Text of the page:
Mark Twain once remarked that “all generalisations are wrong, including this one.” Twain’s sentiments offer an insight into how we humans refer to one another. It is often the case that generalisations are taken into everyday usage, and their meaning is taken as jest. However, in a digitalized, information processing, interconnected age, generalisations can lose their meanings. The meaning becomes distorted and becomes accepted as a recognised truth. An example of this occurred recently. The video in question was shared by MTV Australia and its title is ‘Our generation summed up/This guy just NAILED what it is to be a “Millennial.”
The problem is that it is a short clip of a longer video. The correct video is entitled ‘On Millennials in the workplace’. It features Simon Sinek being interviewed for Inside Quest. It has amassed over 4 million views. The clip shown on the page ‘MTV Australia’ lacks nuance, as it cherry-picks 15 minutes of speech into 1:15 of viewing time. Thus, you get the following quotes without any wider idea of the context in which they are being articulated in:
“We are growing up in a Facebook, Instagram World. In other words – we’re good at putting filters on things. We’re good at showing life is amazing – even though I’m depressed.”
. . .
“Everything you want you can have instantaneously, except – Job satisfaction and strength of relationships – there ain’t no app for that”.
The ‘recognised truth’ that may appear from these quotes after the video keeps on being shared, is that all millennials fit this depiction. An initial reaction to this may be the following, ‘this guy has made me feel terrible on my morning commute to university,’ as you happen to be viewing it on Facebook, as opposed to reading a book or enjoying life for example. However, when one watches the entire 15 minute video, the following points become clear.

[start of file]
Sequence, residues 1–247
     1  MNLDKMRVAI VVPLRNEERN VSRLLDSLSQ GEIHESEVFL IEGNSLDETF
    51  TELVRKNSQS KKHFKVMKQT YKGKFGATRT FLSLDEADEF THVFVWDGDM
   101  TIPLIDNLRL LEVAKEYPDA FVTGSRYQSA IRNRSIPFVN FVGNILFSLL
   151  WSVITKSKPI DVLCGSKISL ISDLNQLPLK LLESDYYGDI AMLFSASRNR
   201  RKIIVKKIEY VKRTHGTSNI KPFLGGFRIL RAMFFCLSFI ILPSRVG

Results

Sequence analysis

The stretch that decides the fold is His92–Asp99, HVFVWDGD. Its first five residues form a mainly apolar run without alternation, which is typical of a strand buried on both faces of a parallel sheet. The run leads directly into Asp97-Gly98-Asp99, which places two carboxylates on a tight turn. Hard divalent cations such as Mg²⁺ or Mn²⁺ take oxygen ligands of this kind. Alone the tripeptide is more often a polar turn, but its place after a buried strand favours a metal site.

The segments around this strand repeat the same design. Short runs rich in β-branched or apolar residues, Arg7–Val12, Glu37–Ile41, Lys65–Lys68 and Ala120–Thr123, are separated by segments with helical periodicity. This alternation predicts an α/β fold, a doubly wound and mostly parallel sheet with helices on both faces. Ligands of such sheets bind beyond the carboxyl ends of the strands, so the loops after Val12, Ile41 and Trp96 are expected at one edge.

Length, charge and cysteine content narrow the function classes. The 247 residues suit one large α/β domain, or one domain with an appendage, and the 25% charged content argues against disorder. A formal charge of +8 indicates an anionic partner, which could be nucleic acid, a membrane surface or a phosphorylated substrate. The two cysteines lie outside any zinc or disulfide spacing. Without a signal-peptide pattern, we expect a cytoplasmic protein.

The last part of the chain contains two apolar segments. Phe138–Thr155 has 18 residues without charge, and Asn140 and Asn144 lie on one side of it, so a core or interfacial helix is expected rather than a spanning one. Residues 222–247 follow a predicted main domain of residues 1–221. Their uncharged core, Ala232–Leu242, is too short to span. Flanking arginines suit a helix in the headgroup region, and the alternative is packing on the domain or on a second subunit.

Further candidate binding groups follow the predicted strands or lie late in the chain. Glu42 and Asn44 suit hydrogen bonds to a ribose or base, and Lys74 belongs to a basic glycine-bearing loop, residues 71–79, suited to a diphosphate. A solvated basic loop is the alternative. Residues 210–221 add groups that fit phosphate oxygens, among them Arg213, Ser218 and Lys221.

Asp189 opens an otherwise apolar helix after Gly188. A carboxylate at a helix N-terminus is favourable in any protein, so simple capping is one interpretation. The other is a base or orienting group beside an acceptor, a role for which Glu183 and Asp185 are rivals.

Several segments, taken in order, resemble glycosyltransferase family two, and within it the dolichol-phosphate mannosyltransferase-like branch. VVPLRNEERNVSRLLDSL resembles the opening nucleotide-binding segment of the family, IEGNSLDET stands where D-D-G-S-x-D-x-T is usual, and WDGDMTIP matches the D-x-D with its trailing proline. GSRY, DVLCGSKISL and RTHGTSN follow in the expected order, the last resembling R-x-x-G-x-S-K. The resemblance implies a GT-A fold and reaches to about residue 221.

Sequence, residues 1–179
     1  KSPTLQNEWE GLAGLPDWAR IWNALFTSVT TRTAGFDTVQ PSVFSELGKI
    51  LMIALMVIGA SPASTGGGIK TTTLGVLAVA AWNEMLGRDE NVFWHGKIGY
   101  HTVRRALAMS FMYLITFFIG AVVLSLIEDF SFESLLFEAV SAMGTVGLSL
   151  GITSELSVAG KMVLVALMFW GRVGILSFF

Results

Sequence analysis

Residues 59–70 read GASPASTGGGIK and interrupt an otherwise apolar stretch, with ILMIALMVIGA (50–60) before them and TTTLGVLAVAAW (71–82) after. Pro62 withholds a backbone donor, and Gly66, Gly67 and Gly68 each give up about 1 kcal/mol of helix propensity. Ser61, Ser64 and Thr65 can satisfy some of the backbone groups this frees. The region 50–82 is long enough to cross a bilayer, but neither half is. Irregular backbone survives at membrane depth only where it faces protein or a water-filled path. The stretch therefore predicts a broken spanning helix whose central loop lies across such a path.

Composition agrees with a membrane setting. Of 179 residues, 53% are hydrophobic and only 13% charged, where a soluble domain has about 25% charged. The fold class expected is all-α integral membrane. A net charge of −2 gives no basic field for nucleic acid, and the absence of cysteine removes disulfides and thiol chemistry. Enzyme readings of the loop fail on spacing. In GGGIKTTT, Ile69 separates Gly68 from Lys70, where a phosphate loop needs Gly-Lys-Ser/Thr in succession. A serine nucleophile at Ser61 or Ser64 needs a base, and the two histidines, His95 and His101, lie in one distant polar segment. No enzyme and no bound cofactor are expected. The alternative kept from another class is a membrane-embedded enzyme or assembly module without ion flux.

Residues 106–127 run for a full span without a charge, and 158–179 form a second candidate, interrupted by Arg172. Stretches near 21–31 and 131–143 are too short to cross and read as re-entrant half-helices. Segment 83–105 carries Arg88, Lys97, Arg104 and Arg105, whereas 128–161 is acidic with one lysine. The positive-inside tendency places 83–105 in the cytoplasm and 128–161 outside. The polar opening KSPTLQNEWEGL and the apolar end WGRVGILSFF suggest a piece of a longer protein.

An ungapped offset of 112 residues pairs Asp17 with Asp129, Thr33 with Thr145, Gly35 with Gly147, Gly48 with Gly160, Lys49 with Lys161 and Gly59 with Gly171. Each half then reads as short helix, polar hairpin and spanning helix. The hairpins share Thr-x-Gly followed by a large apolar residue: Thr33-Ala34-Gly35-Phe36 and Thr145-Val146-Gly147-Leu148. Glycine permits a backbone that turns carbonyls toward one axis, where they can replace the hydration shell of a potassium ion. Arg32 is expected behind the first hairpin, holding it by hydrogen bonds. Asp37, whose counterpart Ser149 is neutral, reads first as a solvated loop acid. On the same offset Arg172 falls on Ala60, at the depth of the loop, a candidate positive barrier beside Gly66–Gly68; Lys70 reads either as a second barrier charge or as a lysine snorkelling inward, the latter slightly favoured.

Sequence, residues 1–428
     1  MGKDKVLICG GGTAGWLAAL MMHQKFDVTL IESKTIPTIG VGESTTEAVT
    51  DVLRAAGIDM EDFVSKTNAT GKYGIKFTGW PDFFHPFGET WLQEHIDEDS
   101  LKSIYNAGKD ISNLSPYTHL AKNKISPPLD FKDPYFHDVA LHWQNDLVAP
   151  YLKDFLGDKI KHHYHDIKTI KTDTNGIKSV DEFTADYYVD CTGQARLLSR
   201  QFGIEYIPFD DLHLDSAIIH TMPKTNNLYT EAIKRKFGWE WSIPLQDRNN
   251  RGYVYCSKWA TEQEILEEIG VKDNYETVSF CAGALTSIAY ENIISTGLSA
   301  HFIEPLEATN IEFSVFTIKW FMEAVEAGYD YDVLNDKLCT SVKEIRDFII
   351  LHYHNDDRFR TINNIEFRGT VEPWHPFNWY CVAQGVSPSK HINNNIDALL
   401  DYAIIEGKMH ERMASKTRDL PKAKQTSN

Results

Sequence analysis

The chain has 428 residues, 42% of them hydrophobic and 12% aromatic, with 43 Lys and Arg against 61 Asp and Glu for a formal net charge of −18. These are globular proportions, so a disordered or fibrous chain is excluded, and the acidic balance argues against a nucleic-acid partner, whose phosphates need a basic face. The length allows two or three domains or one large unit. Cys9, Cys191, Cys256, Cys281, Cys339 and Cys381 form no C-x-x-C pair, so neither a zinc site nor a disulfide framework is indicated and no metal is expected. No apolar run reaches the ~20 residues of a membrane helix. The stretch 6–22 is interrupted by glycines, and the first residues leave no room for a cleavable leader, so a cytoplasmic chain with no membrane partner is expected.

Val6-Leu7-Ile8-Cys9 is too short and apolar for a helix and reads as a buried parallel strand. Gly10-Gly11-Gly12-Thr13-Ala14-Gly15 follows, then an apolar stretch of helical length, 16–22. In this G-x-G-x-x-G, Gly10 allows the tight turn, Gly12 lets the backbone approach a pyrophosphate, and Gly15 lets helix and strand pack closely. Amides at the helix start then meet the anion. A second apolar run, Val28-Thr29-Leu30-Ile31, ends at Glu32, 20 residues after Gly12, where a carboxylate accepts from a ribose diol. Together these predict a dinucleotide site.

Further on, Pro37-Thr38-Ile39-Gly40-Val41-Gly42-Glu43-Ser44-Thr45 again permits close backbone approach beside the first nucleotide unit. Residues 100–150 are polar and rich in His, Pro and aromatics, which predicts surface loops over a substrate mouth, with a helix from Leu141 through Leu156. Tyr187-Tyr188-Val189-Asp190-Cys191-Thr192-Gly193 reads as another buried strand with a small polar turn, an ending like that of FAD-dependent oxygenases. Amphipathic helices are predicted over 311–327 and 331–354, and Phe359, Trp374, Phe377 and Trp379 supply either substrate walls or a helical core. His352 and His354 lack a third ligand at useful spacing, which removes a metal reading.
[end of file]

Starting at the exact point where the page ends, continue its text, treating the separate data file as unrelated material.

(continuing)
Sinek is arguing that the “millennial problem” refers to those born 1984 and after, and millennials in the workplace are seen as “tough to manage and they are accused of being narcissistic, self-interested, unfocused and lazy”. Furthermore, he details this problem as being down to four characteristics. They are: parenting, technology, impatience and environment.
In regards to the parenting characteristics, he says that some argue failed parenting strategies are to blame for the millennial problem. Millennials have been raised to believe that they are special and that their parents can always help them out. These assumptions are shattered upon entering the work place. Therefore, this leads to a generation with lower self-esteem than previous generations. Hence, they take advantage of technology which is the second characteristic. This technology allows individuals to put filters on day to day life. Thus, I can show life to be amazing, even though I’m depressed. The antithesis of depression would be happiness. Unfortunately, we live in a society polluted by advertising which promises that an app can provide happiness. As a consequence, we have the third characteristic: impatience. Dinner? Deliveroo. Sex? Tinder. Bored? Netflix. And so on, and so on. The last characteristic of this problem is environment. The caricature of a corporate environment is that it is backstabbing and ruthless. This may be true in some job
s environments. However, the point is that when you put individuals who succumb to the first three characteristics into an environment that doesn’t really care for the individual, this isn’t likely to be healthy.
In some aspects, I agree with Sinek. In others, not so much. The purpose of this piece was to argue, that simple explanations require reflection. I agree with Sinek as millennials, including myself, need to stop using social media as much. I must admit I do have a tendency to check it too often throughout the day. On the other hand, I don’t agree with him, as the explanation of the “millennial problem” that has been portrayed from this video is that millennials have problems with their phones.
Sinek is right to point to the negative influences of technology on millennials. However, he misses out the following points that may need to be reflected on if the “millennial problem” is to be solved. The points are: job market shrinking for new graduates, house prices forcing young people to live with parents, housing again, increasing number of suicides amongst students, and earning less than the previous generation. In the face of these points, how should others look at millennials and millennials look at themselves? Well, both sides have had advantages and disadvantages in relation to life changes. Older generations did not have to pay for university. Millennials live in an age in which they have unlimited access to luxuries such as cheap travel, new technologies etc. A solution that may help one generation understand the next generation is the following ethic: “be kind, for everyone you meet is fighting a battle.”